In the 16 months since Gadhafi’s death, the basic pillars of a new Libyan state — from regular security forces to a legislative body based on a constitution — do not exist. Instead of taking the lead in beginning to build new institutions, the General National Congress (GNC) elected last summer has largely dodged their responsibilities, relying on local armed groups to provide security in the unstable East and even in the capital. It was not until a week ago — more than six months after the GNC was elected — that the transitional body agreed on the key issue of how members of the commission that will draft the constitution will be selected. On Feb. 6, the GNC voted in favor of choosing the members of the future Constitutional Commission through a national vote, instead of through appointment by the GNC. Elections for this commission will be held after a new electoral law is drafted and passed, and therefore is not expected until toward the end of this year.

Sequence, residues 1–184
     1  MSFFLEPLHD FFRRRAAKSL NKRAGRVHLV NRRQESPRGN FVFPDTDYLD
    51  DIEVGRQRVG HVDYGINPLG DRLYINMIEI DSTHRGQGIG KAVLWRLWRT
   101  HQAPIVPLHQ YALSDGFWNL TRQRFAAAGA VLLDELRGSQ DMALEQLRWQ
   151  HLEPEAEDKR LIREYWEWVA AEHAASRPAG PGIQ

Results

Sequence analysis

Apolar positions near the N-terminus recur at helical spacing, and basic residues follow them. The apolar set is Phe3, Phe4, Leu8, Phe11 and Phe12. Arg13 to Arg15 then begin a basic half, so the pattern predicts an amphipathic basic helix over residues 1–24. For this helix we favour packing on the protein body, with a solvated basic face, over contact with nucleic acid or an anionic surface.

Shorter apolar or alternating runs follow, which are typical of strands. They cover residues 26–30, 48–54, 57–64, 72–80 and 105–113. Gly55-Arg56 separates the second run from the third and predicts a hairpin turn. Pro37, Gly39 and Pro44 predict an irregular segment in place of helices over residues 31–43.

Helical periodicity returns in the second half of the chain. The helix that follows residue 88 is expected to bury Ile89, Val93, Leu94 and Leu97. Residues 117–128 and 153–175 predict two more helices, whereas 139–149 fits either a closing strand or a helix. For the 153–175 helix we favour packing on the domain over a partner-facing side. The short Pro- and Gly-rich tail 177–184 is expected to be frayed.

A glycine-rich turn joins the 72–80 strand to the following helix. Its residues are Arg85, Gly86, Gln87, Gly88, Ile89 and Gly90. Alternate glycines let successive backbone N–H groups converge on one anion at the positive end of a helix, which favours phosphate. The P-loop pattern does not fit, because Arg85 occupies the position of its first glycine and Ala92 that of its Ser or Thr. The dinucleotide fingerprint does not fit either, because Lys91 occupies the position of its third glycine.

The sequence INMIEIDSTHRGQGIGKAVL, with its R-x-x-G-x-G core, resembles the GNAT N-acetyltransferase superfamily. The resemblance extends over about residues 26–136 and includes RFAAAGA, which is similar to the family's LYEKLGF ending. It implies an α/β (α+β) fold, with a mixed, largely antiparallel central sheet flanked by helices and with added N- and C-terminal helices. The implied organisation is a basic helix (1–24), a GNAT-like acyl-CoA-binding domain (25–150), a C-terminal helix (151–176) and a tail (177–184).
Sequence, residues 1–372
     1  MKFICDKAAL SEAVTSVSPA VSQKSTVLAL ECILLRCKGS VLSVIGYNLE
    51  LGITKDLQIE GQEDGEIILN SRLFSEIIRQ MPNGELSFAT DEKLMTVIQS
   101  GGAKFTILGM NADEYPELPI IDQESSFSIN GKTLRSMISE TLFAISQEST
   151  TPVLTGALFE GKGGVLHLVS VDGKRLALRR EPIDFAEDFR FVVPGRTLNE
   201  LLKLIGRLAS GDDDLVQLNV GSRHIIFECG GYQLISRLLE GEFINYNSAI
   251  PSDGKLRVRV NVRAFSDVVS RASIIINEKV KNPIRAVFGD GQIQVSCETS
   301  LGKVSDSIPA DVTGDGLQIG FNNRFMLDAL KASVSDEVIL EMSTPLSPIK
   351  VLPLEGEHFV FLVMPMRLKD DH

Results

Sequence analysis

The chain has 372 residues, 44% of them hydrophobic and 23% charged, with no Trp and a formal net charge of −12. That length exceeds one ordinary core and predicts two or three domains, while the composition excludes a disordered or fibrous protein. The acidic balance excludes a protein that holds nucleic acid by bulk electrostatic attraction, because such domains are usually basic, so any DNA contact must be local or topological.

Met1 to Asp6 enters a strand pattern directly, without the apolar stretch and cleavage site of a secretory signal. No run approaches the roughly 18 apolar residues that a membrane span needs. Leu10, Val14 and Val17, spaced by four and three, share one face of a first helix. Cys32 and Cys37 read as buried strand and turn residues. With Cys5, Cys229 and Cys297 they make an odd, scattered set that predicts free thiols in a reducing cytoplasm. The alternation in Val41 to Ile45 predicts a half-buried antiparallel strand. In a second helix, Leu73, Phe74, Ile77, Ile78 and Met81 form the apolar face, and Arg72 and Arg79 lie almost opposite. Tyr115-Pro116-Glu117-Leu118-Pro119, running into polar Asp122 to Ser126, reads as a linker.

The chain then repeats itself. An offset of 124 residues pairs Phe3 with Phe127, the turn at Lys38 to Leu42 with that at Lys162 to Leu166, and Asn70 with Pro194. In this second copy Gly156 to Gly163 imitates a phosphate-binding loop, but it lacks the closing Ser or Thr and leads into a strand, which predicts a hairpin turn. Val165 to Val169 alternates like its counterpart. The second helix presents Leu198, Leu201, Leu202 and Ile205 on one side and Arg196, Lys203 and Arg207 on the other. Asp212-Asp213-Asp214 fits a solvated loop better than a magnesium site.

“There is a theoretical common cause, which is the transition to democracy,” Karim Mezran, a senior fellow with the Rafik Hariri Center for the Middle East at the Atlantic Council told Al-Monitor in Tripoli. “Everyone is happy that the regime is gone and they all want to build a new Libya … but there are many different voices and opinions about how to do it.”
Mezran said that the transitional government elected in July “does not have its act together” and warned that the status quo cannot remain. “If things remain the way they have been to date in the transition, then next year’s celebration there will be a disaster.”